Viruses such as the head-tail viruses, first assemble an empty capsid and then store it with a viral genome. But, the rest of the viruses create the capsid around the viral genome.

5) Release

This is the last stage in the life cycle of viruses, where they release newly created viruses from the host cell. Different kinds of viruses exit the cell in different methods. Some follow the process called lysis, where the virus bursts the host cell.

The other viruses follow the process called exocytosis, where the virus exits from the cell’s own pathways. There are some other viruses which bud from the plasma membrane of the cell. When the new virus is released, it has the ability to kill the host cell. But some other viruses do not hinder the host cell, leave it as it is and continue to make more virus particles.

Facts on the Coronavirus:

  • Coronavirus is a kind of virus that emerged from China in December 2019. The coronavirus shows symptoms like cough, fever, sore throat, shortness of breath, muscle pain, loss of taste and smell, diarrhoea and headache. This virus can spread from person to person.
  • As of now, there are no vaccines available to treat the coronavirus. The only way to avoid the spread of this virus is, to follow frequent hand washing, coughing into the space of your elbows, and most importantly practising social distancing.
  • The coronavirus spreads when drops from the cough of an infected person are released in the air. The droplets might fall on the ground or on a surface. This is exactly why social distancing is considered the most effective method to curb the spread of coronavirus.
  • Currently, the symptoms of this virus are detected 14 days after being exposed to the virus.
  • In extreme cases, the coronavirus can lead to respiratory issues, kidney failure and death.
  • In such uncertain times, it is vital to be hygienic and practise social distancing, in order to avoid being affected by this new virus.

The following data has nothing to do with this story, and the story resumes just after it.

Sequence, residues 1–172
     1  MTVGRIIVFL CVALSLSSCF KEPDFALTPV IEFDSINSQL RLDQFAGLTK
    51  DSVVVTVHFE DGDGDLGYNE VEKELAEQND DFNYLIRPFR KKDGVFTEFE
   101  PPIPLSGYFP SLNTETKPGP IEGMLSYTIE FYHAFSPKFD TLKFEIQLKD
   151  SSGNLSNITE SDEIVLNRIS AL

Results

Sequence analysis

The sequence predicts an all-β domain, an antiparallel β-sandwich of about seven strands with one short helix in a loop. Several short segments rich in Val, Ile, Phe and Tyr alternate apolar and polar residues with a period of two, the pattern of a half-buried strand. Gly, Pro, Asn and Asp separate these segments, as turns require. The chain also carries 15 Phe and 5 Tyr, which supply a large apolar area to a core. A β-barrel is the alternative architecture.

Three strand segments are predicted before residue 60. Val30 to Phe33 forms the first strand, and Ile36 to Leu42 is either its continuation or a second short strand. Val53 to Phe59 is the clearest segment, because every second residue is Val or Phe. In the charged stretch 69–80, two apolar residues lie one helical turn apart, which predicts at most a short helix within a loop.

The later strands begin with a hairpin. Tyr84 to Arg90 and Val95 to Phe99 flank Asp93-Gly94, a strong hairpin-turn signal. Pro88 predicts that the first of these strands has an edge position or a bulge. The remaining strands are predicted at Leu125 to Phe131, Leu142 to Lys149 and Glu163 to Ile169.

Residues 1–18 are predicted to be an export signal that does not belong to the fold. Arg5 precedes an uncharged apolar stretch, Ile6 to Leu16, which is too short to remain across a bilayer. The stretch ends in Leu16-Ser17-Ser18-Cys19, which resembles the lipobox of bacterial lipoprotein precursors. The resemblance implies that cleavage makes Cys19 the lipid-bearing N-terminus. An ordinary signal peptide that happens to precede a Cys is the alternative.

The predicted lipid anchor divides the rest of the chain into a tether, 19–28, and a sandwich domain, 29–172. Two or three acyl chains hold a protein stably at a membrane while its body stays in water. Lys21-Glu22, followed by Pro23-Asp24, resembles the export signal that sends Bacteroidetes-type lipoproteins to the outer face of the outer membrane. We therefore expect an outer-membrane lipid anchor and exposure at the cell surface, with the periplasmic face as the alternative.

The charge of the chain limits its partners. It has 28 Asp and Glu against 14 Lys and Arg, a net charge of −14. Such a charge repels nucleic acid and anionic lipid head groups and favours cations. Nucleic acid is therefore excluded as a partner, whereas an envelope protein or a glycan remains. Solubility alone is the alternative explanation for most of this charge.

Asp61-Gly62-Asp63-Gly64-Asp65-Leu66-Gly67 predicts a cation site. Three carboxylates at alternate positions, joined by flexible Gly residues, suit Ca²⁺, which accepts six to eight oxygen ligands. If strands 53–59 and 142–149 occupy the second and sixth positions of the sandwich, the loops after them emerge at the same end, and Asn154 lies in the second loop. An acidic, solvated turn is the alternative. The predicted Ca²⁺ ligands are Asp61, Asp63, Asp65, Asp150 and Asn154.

Conclusion

A viral infection occurs when the virus uses the host’s cell to make copies of itself. Viruses are highly diverse. They come in all shapes and structures and depending on their species, the virus attacks different hosts. If the virus is void of a host, then it is considered non-living. The virus is only considered living when it is inside a host.

Frequently Asked Questions on Virus Life Cycle

What is the name of the first discovered virus?

Tobacco mosaic virus is the name of the first discovered virus by two scientists, namely Ivanoski and Beijerinck.

What is the most fatal or deadliest virus in the world?

Ebola, marburg, hantavirus, lassa, smallpox, rabies, influenza and dengue are considered to be the deadliest viruses in the world.

How many kinds of viruses are there?

Even though there are many unknown viruses, there are approximately 320,000 types of viruses that attack mammals.

How do viruses cause diseases?

When the virus enters the host, they invade your living cells and use those cells to produce other virus cells. The multiplication of virus cells causes basic medical symptoms like common cold, flu and fever.

To explore more information on viruses and other different kinds of viruses, register with BYJU’S Biology.